Odds slim for U.S. military action in Ukraine
by Philip Ewing - Politico
American military commanders have a sizable amount of firepower at their disposal in Europe as the crisis deepens over Russia’s incursion into Ukraine — but Washington has no plans to use it.
From Air Force warplanes in Great Britain to Army brigades in Germany to a Navy aircraft carrier strike group that happens to be on its way through the Mediterranean, tens of thousands of U.S. troops and ample high-tech weaponry are available for tasking. The risks associated with a showdown with Moscow, however, mean such orders probably will never come.
Secretary of State John Kerry said Sunday that “all options” were “on the table” as Washington determines how to respond to the Crimea crisis, but a senior administration official later told reporters he was describing the American “menu” of non-military options.
“We are focused on political and economic and diplomatic and economic options,” the official said. “We do have a wide range of options to include isolation, potential sanctions, relationships between Russia [and other countries]. … Our goal is to uphold the territorial integrity and government of Ukraine, not to have a military escalation. I don’t think we’re focused right now on some sort of military intervention. I don’t think that would be an effective way to deescalate the situation.”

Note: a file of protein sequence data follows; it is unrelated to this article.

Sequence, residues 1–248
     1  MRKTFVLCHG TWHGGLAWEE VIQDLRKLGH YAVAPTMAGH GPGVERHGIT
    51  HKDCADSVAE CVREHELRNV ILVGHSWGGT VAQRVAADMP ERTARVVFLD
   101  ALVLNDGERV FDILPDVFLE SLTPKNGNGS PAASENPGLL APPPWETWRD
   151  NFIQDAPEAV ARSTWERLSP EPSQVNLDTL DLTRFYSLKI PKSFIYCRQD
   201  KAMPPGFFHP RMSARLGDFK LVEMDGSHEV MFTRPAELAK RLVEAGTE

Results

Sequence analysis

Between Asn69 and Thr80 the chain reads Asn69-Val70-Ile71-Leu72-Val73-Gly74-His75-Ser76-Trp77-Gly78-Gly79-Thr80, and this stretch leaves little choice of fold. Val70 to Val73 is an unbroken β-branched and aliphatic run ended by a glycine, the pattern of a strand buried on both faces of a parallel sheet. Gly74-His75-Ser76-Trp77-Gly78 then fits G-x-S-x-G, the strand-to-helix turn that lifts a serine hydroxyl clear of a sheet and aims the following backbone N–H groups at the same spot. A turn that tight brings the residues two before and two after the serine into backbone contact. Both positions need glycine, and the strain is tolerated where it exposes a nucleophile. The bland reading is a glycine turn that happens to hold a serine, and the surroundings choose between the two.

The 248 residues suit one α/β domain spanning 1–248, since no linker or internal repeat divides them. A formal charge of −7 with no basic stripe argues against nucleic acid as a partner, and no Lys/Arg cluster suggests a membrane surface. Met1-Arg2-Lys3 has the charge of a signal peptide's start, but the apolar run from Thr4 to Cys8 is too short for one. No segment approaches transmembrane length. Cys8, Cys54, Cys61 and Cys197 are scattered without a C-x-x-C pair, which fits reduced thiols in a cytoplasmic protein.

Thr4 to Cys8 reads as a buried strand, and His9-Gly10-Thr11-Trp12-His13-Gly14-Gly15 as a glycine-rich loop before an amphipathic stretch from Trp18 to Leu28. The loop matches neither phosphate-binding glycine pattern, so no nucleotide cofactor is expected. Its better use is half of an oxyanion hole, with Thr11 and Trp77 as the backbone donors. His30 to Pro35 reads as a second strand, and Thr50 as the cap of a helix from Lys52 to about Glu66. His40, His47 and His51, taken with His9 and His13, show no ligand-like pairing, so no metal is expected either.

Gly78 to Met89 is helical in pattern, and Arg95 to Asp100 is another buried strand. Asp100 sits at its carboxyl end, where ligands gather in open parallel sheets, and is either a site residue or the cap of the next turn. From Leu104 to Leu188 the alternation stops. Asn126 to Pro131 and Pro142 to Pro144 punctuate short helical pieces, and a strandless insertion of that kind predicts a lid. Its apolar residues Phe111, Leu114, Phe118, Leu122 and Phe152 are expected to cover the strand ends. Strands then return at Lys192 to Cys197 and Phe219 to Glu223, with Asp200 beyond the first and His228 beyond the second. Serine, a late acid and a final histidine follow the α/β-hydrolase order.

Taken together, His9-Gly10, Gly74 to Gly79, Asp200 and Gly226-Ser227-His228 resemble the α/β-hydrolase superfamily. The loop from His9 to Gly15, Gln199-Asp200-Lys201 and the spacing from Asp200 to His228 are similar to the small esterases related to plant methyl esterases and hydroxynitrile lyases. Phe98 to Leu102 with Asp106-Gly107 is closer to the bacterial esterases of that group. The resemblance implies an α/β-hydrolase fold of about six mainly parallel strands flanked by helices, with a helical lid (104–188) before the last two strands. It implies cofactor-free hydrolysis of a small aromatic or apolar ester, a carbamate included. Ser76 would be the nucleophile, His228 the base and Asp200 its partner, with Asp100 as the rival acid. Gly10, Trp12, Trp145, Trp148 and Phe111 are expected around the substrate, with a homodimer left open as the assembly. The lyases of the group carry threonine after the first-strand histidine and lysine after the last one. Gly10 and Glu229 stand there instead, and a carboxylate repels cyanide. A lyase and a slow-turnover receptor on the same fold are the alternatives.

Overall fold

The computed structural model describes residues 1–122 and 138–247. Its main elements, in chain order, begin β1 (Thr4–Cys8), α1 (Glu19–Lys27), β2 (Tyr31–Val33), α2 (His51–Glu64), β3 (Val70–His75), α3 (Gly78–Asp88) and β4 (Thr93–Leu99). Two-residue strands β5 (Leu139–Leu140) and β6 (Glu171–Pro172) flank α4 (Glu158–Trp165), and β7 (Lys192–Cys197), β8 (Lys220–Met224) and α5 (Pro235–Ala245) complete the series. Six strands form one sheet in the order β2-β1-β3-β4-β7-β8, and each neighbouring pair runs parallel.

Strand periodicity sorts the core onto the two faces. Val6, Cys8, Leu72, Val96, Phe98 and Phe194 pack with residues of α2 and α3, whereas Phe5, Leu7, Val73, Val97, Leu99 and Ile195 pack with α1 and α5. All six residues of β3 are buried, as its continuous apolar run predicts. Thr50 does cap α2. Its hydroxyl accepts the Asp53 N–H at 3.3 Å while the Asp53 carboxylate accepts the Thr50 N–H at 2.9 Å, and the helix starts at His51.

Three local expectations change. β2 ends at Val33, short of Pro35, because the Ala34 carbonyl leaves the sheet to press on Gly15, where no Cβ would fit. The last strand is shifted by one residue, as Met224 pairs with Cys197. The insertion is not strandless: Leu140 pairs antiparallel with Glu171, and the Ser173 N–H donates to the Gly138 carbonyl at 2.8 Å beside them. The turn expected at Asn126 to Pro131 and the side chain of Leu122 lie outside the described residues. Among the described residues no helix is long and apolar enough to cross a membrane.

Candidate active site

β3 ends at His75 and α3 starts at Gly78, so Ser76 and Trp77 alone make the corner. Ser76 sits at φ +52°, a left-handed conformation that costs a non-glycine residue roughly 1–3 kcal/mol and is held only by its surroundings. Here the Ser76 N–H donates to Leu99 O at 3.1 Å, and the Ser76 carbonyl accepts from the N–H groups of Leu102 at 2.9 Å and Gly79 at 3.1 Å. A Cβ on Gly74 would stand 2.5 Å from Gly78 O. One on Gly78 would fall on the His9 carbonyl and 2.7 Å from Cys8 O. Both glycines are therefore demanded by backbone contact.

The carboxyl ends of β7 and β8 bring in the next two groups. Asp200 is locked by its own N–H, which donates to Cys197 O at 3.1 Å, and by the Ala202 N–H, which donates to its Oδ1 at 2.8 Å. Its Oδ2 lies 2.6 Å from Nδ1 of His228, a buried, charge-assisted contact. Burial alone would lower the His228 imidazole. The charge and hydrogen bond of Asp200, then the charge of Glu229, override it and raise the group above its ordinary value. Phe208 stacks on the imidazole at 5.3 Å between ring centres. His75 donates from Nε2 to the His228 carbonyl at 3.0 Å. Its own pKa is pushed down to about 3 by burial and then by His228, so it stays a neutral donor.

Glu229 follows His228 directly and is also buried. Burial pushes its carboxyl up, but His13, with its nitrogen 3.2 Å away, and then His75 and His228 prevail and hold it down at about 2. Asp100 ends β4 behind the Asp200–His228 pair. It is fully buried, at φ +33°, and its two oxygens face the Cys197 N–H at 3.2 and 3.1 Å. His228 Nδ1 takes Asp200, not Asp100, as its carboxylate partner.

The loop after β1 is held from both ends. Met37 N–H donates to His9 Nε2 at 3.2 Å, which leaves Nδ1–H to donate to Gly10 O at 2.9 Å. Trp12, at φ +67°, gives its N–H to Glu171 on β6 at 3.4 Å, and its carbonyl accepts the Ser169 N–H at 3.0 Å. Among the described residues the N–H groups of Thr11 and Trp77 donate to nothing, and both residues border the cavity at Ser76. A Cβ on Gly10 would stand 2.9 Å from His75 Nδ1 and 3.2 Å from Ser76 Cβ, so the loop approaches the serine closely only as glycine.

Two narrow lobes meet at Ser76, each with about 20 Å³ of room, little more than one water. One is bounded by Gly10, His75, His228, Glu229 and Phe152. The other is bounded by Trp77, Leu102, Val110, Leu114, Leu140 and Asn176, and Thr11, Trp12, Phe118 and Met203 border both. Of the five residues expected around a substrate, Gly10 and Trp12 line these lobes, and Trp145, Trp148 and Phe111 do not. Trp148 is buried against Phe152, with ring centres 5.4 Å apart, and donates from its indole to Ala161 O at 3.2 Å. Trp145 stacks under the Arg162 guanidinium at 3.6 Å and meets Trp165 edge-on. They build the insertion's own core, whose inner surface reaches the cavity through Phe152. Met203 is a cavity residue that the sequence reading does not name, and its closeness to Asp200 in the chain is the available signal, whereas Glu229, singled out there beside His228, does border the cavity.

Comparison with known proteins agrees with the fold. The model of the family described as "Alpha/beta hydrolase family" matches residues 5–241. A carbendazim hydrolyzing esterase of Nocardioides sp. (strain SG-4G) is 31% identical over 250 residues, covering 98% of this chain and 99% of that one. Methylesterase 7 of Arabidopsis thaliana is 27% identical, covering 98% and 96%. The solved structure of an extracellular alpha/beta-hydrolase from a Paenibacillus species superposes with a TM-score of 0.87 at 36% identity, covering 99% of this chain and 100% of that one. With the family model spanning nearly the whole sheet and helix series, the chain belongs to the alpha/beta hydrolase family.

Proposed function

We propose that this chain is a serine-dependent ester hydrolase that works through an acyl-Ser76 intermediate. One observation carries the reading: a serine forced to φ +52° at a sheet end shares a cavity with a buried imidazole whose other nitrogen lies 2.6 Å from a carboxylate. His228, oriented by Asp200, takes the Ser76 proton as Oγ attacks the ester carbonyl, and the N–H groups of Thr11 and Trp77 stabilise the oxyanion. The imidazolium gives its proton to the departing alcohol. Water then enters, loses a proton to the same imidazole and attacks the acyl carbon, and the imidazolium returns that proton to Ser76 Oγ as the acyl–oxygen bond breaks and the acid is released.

Administration officials say the U.S. can punish Russian President Vladimir Putin effectively enough without the threat of force.
“The Russians have badly miscalculated here,” a second senior administration official said. “What we see here are distinctly 19th and 20th century decisions made by President Putin to address problems, deploying military forces rather than negotiating, rather than talking. What he needs to understand is that in terms of his economy, he lives in a 21st century world, an interdependent world. As you may have noticed, his economy is not in the greatest of shape, the ruble is taking a hit. … He depends on trade relations with the rest of us. It’s going to be very difficult to maintain that kind of relationship with the outside world while he is using his military forces to threaten and intimidate a neighbor.”
The second senior official said that about 6,000 Russian airborne and naval troops had seized “complete operational control” of the Crimean peninsula and confirmed their positions were being strengthened by further reinforcements.
Even as it threatened to isolate and sanction Moscow, however, the administration said it wanted to leave the door open for Putin to resolve the crisis through diplomacy. Kerry planned to fly to the Ukrainian capital of Kiev for negotiations. And the second senior administration official said that Putin had not completely “closed the door” to diplomacy in his phone call with President Barack Obama.
In Brussels, NATO Secretary General Anders Fogh Rasmussen told reporters on Sunday that the Atlantic alliance had agreed upon a new statement condemning Russia’s incursion, but there seemed to be no urgency for anything more. Ukraine is not a NATO member, but Rasmussen called it “a valued partner” and said the alliance would “stand by the norms and principles of international law.”